"I think that, if we do this, people will start to appreciate the importance of a serious demonstration and appreciate our service more. In particular, customers need to be made aware that, if we have to visit them more than once, these multiple demos adds considerable cost to the final price."
He cites the golf sector as one such culprit. "You will go and see a greenkeeper to demo a machine. He says he likes it but, later on, we'll get a phone call to say he wants us to go back so that the committee, greens chairman or secretary can see it as well. This just duplicates our costs."
Nick Darkin, Sales Manager at Charterhouse Turf Machinery agrees, "Customers still want demos, but I don't think they appreciate the cost involved of getting the unit to them. Transporting machines around the country for Dealer Open Days, exhibitions or regional demos has always been expensive, whether you use haulage company transport or your own reps running 4 x 4 vehicles with trailers."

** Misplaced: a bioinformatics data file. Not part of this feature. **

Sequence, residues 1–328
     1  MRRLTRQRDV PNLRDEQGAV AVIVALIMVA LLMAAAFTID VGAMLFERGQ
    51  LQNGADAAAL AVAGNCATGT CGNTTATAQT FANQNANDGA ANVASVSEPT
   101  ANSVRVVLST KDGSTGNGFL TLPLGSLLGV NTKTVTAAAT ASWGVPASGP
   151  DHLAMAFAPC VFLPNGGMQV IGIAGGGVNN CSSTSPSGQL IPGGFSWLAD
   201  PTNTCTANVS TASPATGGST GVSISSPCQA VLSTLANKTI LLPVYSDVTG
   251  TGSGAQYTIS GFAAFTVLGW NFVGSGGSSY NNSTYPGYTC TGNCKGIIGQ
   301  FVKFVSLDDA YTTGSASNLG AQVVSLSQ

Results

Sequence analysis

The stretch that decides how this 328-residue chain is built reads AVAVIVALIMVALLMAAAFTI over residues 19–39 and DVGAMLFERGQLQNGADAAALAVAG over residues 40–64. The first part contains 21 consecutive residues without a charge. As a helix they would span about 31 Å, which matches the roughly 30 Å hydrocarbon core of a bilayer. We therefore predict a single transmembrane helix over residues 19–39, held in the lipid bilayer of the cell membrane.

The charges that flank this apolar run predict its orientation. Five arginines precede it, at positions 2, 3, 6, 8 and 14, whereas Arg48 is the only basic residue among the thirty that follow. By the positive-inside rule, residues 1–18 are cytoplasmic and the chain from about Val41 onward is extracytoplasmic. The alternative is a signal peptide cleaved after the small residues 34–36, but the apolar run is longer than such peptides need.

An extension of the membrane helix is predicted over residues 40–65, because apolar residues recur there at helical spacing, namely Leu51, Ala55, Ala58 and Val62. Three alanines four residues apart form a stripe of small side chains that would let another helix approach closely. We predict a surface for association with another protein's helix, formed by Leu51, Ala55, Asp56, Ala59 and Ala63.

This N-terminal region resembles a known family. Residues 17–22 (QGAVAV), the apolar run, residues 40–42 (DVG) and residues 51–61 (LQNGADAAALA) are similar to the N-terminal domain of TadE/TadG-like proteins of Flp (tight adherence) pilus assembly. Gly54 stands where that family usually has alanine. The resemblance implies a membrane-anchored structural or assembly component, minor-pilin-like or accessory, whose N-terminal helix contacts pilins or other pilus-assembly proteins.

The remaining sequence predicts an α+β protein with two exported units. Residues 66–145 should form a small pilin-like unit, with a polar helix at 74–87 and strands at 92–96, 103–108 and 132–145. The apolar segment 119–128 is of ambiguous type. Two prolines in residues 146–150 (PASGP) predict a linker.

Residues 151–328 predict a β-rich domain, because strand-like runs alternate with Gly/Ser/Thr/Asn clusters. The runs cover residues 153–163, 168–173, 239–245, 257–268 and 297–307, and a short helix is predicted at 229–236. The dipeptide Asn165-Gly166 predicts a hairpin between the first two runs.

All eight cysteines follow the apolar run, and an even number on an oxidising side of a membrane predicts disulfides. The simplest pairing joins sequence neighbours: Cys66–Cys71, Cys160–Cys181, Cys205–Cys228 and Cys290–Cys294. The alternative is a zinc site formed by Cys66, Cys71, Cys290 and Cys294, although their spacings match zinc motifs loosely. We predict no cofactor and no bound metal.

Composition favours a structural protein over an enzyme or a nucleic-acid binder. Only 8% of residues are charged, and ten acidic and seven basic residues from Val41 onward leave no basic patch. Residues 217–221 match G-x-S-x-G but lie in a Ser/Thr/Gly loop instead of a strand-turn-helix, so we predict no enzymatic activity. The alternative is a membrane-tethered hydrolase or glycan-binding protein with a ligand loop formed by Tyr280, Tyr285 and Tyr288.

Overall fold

"We're now faced with having to have tacos fitted in order to use the trailer, and there's a surprising cost element involved in those - you can be looking at over £2,000. Factor in £7,000 for depreciation, tax, insurance and service - that's before a wheel has moved - and then add fuel at over £5 a gallon and Tim's £500 a day is quickly reached."
For Dave Roberts, Sales and Marketing Manager at Kubota, demos are a key part of their sales process. "It can be the make or break part of the deal," he says, "and Kubota's investment in demos is huge. We have around a million pounds worth of our own demo kit, and that's in addition to our dealers' demo kit which we also have to supply."
Whilst he accepts it's a massive cost to Kubota, he does believe it brings about rewards as they, fortunately, seem to have a reasonably good success rate. The demo has become the final part of the sales process.